Robert Pattinson definitely thinks his new film “Bel Ami” provides benefits over his run as Edward Cullen in the “Twilight” series. “There are lots of attractive women in the film,” he says. “I sleep with all of them!”
Rob is back on the promotion trail for the film, based on the 19th century book by Guy de Maupassant. He’ll be making stops at the Berlin Film Festival and likely the Glasgow Film Festival in Scotland.
“Bel Ami” will hold its world premiere in Berlin on Feb. 17, and will also screen at the Glasgow festival, which runs from Feb. 16 to Feb. 26. He stars with Christina Ricci, Uma Thurman and Kristen Scott Thomas. Thurman and Ricci are scheduled to be in Berlin as well.
Check out Rob’s photos; click to enlarge!
Rob loved the role because he finally goo to play a villain.. “My Bel Ami guy doesn’t have a conscience,” he told the Edinburgh Herald newspaper in Scotland.
“Most fictional characters are driven by some target, but he is like a reverse character. He’s so content to do nothing and thinks everything should just be given to him,” he says, explaining his character.
“But if someone slights him, or directs any insult at him, the most overwhelming energy grabs him and he turns into this absolute devil who will do anything.”
Rob likens the film to “Giant,” the 1956 George Stevens picture starring James Dean, Rock Hudson and Elizabeth Taylor. Not a few people have compared Pattinson to Dean.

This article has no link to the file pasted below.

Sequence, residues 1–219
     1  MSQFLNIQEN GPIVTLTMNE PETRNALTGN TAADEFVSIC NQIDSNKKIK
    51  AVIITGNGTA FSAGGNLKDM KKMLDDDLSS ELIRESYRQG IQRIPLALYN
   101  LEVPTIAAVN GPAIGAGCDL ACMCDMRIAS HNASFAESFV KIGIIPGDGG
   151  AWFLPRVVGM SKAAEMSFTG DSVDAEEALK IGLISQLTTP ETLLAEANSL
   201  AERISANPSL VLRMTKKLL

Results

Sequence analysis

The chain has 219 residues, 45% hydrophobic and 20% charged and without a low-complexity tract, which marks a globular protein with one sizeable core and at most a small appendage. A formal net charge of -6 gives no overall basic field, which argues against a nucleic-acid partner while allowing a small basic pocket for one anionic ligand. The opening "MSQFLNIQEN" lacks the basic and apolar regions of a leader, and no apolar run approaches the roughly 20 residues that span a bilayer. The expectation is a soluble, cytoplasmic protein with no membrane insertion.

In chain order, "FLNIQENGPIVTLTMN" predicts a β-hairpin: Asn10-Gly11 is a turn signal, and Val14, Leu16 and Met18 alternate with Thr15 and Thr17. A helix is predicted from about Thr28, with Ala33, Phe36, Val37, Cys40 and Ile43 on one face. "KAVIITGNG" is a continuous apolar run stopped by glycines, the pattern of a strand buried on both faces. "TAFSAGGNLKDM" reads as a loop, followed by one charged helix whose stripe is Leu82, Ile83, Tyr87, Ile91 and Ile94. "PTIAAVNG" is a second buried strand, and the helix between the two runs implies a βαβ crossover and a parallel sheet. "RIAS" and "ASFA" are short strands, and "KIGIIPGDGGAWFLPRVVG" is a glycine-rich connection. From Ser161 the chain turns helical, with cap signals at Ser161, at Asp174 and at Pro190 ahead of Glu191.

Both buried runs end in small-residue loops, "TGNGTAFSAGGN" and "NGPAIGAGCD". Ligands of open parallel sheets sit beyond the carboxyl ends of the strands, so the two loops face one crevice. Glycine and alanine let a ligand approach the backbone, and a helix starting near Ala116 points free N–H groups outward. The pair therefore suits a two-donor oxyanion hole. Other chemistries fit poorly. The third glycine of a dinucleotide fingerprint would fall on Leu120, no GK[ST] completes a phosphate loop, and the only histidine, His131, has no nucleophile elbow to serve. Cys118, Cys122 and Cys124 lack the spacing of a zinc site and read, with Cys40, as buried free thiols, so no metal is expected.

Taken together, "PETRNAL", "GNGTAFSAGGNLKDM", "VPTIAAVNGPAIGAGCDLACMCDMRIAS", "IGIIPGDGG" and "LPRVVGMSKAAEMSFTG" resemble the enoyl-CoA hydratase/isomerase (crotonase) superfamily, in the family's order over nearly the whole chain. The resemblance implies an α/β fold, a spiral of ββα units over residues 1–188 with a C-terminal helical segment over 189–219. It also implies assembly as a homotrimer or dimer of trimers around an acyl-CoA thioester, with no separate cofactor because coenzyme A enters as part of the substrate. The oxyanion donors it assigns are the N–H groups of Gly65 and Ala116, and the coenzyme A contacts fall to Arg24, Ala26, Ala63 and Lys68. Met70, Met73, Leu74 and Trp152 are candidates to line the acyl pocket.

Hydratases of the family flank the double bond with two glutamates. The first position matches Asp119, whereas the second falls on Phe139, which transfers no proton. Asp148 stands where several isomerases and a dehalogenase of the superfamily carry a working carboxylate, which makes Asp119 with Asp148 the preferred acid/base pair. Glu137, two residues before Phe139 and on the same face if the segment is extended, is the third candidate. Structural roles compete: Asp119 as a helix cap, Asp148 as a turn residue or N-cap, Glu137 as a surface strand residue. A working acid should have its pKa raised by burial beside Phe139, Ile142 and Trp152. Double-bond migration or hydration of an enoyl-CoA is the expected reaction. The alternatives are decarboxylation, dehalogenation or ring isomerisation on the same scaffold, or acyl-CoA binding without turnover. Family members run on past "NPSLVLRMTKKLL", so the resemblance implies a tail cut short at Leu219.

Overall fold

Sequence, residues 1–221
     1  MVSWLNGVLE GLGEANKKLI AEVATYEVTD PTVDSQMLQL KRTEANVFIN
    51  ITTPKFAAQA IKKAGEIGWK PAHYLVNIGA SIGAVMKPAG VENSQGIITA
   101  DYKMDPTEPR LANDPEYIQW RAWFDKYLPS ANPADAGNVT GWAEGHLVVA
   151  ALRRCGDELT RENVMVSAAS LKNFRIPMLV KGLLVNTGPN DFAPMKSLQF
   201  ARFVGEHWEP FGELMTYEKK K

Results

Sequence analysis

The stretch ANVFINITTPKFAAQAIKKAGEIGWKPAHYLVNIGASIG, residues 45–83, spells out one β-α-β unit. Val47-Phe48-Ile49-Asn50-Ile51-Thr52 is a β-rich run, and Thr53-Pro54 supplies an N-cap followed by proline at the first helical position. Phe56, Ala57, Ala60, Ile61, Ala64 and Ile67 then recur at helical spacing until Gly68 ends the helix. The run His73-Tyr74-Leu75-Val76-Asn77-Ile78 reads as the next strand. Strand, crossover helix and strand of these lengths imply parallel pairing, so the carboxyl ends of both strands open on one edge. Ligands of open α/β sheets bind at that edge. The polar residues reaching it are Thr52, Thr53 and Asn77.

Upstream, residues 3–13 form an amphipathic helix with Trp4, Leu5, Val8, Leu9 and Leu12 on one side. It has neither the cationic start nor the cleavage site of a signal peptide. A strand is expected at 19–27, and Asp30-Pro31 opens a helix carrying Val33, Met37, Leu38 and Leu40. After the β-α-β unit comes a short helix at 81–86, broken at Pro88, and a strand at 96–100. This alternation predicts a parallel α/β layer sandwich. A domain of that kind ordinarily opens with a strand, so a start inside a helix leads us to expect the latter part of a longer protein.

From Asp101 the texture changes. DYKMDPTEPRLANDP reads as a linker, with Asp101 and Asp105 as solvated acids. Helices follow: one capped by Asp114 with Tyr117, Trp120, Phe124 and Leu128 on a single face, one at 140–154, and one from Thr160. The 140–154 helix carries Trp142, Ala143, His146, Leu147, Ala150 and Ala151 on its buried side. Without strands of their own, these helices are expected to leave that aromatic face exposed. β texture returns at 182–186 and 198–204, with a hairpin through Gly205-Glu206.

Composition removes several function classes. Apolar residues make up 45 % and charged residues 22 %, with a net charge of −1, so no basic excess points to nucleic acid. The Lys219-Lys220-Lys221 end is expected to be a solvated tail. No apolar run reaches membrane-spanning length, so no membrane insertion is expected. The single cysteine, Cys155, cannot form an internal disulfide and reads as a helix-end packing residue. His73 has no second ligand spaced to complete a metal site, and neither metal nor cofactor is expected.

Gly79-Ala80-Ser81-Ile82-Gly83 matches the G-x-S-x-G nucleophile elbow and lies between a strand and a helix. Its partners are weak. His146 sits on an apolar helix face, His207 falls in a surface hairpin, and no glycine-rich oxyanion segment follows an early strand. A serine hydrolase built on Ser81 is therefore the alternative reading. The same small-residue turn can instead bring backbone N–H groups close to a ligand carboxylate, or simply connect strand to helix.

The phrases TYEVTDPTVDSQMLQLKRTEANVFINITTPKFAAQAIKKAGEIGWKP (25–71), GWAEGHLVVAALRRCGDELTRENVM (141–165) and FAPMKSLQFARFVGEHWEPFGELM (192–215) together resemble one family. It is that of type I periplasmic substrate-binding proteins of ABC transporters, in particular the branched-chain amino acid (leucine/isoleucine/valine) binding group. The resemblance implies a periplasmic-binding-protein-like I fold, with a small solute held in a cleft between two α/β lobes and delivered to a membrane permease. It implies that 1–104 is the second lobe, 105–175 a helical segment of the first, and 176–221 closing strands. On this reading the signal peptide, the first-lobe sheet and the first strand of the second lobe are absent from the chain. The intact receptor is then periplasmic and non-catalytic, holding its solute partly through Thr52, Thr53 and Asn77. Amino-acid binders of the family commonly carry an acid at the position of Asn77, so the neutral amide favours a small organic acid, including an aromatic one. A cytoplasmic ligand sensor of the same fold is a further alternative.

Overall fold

Dean plays Jett Rink, an oil wildcatter who wants to build an empire just to say “f*** you,” Rob says.
“Duroy is exactly like that but without any of the redeeming characteristics. The whole story is about these people trying to beat him down into remorse, and just as he’s about to touch it, something good happens to him again,” he says.
“And then he has another run of luck, right at the end, until eventually he stabs everyone in the back and then wins the lottery. It’s a happy ending for him and no-one else.”
Rob is philosophical about his role as the chivalrous Edward. “Doing something like Twilight opens doors and it closes others. You can say, ‘Oh if I was still unknown, then no-one would judge me,’ but at the same time, nobody would give a s*** either,” he says.
“It’s a weird little balance. And, most of the time, you are just completely guessing what people do, so I suppose doing scripts that you think are good is the way to go. And that’s what I thought about Bel Ami,” he adds.
“With Bel Ami, though, I guess there is something quite fun about going from Edward Cullen to playing a guy who pretty much abuses women to get money out of them. Edward so wouldn’t approve!”